If you don’t know history, then you don’t know anything.

You are a leaf that doesn’t know it is part of a tree…said Michael Crichton, and that’s much how I felt having watched Lincoln last night – wanting to see for myself what all the fuss was about, prior to The Oscars.

I was horribly confused by Democrats and Republicans in that film. I was sure in my own mind, based on following current affairs, that it would have been the Democrats that were the Abolitionists, not the Republicans. More study required…

Spot the real Lincoln…Daniel Day Lewis was simply mind-blowingly incredible in the role (and I tried very hard not to be swept along by the hype – but it was impossible not to be in total awe.)

I loved what Peter Bradshaw, The Guardian film reviewer, said: “And what a feat from Day-Lewis: the nearest thing a 21st-century biopic can get to a seance.”
As a screenplay writer myself, she says, laughing hollowly at considering herself in the same breath as, in this case, Tony Kushner, I was interested in its history. The screenplay’s history, I mean, as well as Lincoln’s.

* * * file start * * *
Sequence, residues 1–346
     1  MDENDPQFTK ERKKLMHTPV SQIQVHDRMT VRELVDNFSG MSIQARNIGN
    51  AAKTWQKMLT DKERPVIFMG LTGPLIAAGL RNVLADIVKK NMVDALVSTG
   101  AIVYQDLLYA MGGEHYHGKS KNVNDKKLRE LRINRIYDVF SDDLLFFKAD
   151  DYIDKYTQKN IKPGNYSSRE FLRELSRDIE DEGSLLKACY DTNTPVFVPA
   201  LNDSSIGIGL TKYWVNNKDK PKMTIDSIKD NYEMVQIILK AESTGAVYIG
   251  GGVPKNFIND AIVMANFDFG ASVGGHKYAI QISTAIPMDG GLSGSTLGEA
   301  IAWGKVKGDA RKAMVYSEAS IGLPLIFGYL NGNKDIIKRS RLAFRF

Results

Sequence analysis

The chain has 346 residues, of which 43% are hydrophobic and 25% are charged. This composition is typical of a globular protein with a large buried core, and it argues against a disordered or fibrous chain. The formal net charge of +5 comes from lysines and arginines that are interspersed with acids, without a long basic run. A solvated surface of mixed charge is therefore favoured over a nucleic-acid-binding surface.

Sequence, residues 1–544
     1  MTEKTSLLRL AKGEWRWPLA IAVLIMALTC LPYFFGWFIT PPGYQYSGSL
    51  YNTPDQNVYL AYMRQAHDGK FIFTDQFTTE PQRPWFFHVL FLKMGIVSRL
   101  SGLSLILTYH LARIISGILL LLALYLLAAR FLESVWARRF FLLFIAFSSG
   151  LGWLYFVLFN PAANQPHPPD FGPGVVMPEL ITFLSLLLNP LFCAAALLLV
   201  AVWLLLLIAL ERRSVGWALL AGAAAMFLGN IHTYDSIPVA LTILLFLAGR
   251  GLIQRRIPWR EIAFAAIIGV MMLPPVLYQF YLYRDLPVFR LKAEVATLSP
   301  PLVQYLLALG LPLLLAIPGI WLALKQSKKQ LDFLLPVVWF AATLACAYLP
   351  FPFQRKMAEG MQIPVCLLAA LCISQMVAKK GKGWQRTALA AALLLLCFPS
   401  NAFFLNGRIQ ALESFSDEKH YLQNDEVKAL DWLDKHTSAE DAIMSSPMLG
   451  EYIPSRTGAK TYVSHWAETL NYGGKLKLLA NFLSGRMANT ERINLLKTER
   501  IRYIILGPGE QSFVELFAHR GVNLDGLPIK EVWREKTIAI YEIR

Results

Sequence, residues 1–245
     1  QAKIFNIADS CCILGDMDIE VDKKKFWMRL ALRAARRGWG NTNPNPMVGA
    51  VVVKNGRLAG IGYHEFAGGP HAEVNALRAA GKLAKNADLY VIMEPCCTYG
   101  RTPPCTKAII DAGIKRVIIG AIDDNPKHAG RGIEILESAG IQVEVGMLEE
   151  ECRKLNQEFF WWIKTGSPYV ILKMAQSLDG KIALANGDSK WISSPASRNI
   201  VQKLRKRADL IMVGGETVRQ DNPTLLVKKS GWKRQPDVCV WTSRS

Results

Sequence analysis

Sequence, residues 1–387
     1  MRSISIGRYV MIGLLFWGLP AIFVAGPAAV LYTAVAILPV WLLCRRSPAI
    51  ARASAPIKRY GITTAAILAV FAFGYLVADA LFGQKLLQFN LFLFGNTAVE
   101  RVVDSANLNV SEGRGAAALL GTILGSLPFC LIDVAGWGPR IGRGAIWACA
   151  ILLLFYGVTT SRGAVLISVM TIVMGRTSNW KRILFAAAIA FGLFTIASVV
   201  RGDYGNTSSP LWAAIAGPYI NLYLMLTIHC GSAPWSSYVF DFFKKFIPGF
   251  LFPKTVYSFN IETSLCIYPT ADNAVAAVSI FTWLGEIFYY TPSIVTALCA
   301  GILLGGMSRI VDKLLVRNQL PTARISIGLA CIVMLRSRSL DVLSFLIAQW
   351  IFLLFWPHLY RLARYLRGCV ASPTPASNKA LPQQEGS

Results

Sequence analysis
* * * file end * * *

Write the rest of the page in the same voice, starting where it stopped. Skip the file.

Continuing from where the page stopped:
Based in part on Doris Kearns Goodwin’s biography of Lincoln, Team of Rivals: The Political Genius of Abraham Lincoln,  the screenplay was first written by John Logan in 2001, then another version was commissioned, this time to be written by playwright Paul Webb, around 2006. Spielberg was still dissatisfied. In 2008, I think, Tony Kushner was hired.
His first draft was FIVE HUNDRED PAGES (a screenplay is usually about 100-120!) 
He joked he was on his “967,000th book about Abraham Lincoln,” and finally narrowed the plot down to the two months in Lincoln’s life when he was preoccupied with adopting the Thirteenth Amendment.
Filming must have taken place in 2012 – more than ten years after the first screenplay was written.
I think perhaps I get too impatient too quickly!
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